Hello, I'd Like A Service Kit For...

      A good part of my, or I should say Pam's day is spent sourcing parts. I am not talking about the usual everyday stuff but rather the one off wotnots and thingamabobs that are peculiar to certain brands or models.
      The two chief problem areas are;
1. Bushing kits for full suspension mtb's
2. Seal kits for older suspension forks.
      Believe me when I say there are plenty more components, even new ones, that getting spare parts for is akin to replacing a thrust unit on a space shuttle, which is probably why NASA quit flying them.
      Let's take a simple task of bushing replacement in a frame. Now when a company builds a full suspension mountain bike there will be at least two joints on it that will be required to pivot. No matter the design, something, somewhere is going to have to move up and down. This is not a big deal but whilst we need to have the movement up and down we do not want any from side to side and also, we want the pivot to be smooth and not grinding. To achieve both these aims bushing are used, either little brass units or nylon or a mixture of both on a machined bolt or link pin. The thing with bushings though, they wear out. That is where I come in. Simple you say and yes, it should be.
       A conversation with a bike companies parts department usually goes something like this;

Me;                 Hello my good man, I would like a bushing replacement kit for a "DillyWotsit 6000" please

Parts Guy;       Oooh, I'm sorry sir we stopped making those 2 years ago.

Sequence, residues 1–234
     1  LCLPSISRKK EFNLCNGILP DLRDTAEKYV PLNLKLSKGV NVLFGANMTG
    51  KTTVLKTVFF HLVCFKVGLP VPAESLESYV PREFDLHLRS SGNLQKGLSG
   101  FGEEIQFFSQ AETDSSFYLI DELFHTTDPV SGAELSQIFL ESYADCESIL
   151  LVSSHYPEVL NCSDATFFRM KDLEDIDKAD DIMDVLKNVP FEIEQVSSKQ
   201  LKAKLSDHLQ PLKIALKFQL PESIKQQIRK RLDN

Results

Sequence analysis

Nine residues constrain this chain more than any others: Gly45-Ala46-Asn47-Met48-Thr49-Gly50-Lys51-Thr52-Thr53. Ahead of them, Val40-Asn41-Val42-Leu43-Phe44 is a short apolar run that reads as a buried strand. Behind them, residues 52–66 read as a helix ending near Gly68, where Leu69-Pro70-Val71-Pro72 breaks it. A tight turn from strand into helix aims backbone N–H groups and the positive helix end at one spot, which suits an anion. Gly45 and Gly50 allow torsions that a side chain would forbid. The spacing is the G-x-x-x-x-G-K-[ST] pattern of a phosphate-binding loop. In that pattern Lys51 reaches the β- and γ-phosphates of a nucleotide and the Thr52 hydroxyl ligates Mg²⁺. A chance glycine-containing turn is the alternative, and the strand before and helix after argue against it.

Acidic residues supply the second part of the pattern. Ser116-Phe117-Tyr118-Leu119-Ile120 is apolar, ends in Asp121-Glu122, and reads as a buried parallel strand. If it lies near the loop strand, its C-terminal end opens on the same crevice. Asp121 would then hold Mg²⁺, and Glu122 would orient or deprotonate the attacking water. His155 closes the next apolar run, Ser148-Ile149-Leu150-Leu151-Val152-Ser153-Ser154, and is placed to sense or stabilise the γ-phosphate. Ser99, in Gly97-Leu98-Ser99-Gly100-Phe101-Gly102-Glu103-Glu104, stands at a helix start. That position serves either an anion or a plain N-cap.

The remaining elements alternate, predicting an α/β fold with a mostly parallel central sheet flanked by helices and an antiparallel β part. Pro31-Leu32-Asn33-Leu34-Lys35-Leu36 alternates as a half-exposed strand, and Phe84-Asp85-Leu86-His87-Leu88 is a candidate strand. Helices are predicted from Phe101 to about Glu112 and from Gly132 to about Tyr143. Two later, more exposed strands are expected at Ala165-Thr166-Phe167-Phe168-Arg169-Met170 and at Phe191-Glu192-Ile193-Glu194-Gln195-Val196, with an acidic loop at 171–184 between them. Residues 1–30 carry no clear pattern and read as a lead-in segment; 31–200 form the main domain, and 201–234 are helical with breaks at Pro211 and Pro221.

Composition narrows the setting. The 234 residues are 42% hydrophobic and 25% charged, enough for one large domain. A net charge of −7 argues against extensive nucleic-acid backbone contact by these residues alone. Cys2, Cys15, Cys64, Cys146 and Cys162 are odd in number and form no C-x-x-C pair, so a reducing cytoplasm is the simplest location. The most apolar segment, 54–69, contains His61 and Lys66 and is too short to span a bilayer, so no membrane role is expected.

Me;                 But the bike is only 3 years old.

Parts Guy;       Like I said we stopped making them 2 years ago. We make the "DillyWotsit 9000" now.

Me;                 Cool, will the bushings on that fit the 6000?

Parts Guy;       Not a chance, but we can sell you the whole frame...

Me;                 Thank you for your time.

      And believe me it can be much more painful than that. We recently had a K2 mountain bike in for bushings, it took us two days to figure out who now owned the company before we could work out who to call. Only to be told that when they bought the company the spare parts inventory was zero. Not a few or some but squat. We made our own.
        It is not just companies that have been sold or swallowed up by others that we encounter problems, it seems that the norm these days is to faze out re-stocking spares on models that are four or more years old. They just assume by then that you will be buying a new bike. I would love to sell you a new ride every year and, some folks with the budget and a weakness for the new and shiny, do just that. But, I have a feeling that if you were told that your 3 grand race rig is toast for the lack of a 30 dollar service kit, you are going to be pissed, probably enough to switch brands. It amazes me that manufacturers do not see that. Hell, maybe they do.
        Another big ticket item on the bike that suffers from the same problem is, suspension forks. I will add a caveat here and exclude RockShox and Fox. Both these companies have bent over backwards to help me out over the years and I have never had to scrap a fork from these guys for the want of replacement parts. If only some of the others were more accommodating.
        So, there you have it, a little rant from the workshop. If there is anything you could take from this post it would be; If you are in the market for a full squishy mtb, look carefully at the linkage. If it is a weird intricate design, maybe stock up on a couple of bushing kits at the time of purchase.
Posted on August 5, 2012 .